On the Street

About 8:15 on Friday night I headed downtown on my bike to the Alamo. The Downtown Highlife Bicycle Club was having its monthly ride. For those unfamiliar with the event, it begins at 9 p.m. on the last Friday of the month at the Alamo.

When I arrived I found a small, diverse group of white people on bikes — a few students, some bike collectors, a landscaper, a teacher, and a bike mechanic, ranging in age from 20 to 62. We were a lucky baker’s dozen and after some catching up and introductions be-tween new acquaintances, we headed off.

Our destination was Woodlawn Lake but our route took us first north toward San Antonio College. We snuck through the SAC parking lot and then cruised west through San Pedro Park. I hadn’t been to the park for a long time so it was good to see the successful restoration.

After briefly riding north on Flores, we doglegged around Ashby to Blanco and took a short break at the corner of Ashby and Blanco — the previous location of Mr. Taco, back when they had pay televisions at every booth.

After raising the eyebrows of a few kids waiting for the bus, we began a straight shot west on Cincinnati. Cincinnati begins inauspiciously at Blanco and it has the faded glamour of a forgotten boulevard most likely done in by the construction of I-10.

A few blocks later we rode triumphantly underneath the Josephine Tobin arch welcoming us to Woodlawn Lake. At night the lake really is a sight to behold. Curving around the west end of the lake I spotted a building that used to be the Peacock Military Academy. At the turn of the century, the previous century, this was the historic West End, and I remember reading about the famous filmmaker King Vidor, who went to school at Peacock. As a side note, Vidor has the longest career of any filmmaker, having shot his first one-reeler in 1913 about the great Galveston flood. He made his last film in 1980 right before his death. That’s longevity.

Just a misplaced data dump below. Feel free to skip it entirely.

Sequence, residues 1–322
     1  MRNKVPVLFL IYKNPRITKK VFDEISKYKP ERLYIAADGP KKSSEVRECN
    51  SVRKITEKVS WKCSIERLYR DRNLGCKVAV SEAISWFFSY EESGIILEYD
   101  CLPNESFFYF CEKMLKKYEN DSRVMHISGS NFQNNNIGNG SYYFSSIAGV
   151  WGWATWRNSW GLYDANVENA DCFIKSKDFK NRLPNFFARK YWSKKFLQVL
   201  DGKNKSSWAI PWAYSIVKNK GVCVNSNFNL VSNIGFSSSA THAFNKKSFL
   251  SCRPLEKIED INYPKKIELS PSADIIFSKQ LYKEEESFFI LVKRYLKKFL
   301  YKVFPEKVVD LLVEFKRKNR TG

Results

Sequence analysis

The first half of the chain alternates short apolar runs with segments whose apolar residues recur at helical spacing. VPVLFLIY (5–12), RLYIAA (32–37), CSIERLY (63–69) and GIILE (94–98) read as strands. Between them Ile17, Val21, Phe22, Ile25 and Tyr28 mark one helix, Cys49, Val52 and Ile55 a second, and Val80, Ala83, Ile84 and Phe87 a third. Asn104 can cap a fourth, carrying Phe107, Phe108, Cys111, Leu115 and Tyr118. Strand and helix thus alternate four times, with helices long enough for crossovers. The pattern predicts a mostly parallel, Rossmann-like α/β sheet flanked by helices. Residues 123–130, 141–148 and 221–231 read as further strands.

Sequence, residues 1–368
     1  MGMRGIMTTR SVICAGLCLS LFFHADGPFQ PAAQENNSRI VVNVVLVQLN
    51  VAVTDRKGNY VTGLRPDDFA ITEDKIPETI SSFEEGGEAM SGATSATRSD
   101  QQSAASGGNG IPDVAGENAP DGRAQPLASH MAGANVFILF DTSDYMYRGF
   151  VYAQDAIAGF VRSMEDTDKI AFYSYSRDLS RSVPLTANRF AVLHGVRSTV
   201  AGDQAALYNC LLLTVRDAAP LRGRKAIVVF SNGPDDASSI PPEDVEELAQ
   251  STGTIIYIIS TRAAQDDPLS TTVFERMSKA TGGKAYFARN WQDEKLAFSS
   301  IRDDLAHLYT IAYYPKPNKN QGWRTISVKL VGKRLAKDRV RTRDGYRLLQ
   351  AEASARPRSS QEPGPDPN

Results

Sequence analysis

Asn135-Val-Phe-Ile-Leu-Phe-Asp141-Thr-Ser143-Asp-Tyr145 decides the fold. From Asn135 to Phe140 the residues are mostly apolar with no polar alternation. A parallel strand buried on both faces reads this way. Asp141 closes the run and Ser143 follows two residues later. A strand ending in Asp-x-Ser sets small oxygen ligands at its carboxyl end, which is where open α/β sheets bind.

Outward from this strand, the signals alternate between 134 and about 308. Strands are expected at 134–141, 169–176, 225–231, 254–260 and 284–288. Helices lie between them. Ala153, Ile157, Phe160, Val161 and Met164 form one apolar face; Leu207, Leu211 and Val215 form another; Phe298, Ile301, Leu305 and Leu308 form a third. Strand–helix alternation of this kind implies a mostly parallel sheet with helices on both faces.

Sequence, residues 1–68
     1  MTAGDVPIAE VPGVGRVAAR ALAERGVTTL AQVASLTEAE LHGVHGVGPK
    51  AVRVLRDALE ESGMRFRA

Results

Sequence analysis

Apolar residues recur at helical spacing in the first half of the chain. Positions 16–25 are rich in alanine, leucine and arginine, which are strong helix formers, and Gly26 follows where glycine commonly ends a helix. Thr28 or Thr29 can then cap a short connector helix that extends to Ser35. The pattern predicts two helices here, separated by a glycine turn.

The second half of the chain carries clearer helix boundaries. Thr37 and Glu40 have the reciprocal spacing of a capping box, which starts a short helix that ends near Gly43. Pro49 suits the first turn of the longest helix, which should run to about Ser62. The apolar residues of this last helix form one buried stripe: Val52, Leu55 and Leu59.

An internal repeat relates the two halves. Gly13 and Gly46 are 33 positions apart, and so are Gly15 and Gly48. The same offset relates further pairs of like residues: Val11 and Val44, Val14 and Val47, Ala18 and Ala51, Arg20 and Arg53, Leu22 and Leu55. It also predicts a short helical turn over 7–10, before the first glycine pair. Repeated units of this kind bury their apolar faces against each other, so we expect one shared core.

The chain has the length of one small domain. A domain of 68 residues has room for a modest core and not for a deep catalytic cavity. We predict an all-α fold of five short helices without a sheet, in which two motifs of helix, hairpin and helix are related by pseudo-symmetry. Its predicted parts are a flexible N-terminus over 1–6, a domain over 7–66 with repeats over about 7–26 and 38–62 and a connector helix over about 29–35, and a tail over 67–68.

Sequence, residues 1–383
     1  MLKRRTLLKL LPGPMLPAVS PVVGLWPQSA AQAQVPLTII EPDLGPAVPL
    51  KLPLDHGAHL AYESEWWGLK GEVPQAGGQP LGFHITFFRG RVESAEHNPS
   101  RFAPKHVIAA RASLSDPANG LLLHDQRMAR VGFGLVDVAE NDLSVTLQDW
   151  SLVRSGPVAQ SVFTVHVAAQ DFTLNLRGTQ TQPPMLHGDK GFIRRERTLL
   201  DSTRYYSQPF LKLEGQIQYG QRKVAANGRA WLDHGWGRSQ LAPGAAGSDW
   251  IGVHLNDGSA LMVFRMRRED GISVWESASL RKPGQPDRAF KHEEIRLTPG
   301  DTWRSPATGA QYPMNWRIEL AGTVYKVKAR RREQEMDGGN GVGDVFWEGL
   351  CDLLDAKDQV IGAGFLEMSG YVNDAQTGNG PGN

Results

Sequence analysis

We biked back east on Woodlawn and then south on Flores into downtown. As we neared Travis Street a discussion began about what bar to hit. Travis 151 doesn’t have good bike parking — funny but true. The Esquire, someone informed me, just closed for remodeling. Everyone but me had heard this story and when I asked why the facelift, the chorus was something about remodeling to be more family-friendly. Jeez. The Esquire was probably the last place in town where you could still be approached by a guy with a trench coat full of watches for sale. And I mean that in a good way.

We settled on La Tuna and headed south on St. Mary’s, riding next to a group of classic cars wandering downtown, looking for a ZZ Top music video to hang out in it seemed. They would rev their engines and burn rubber and then drive for a block and stop at a red light. The fact that we pretty much stayed with them all the way until Southtown must have created an existential crisis for them. South of Durango they floored it and took off for good — and us, we kept on riding.

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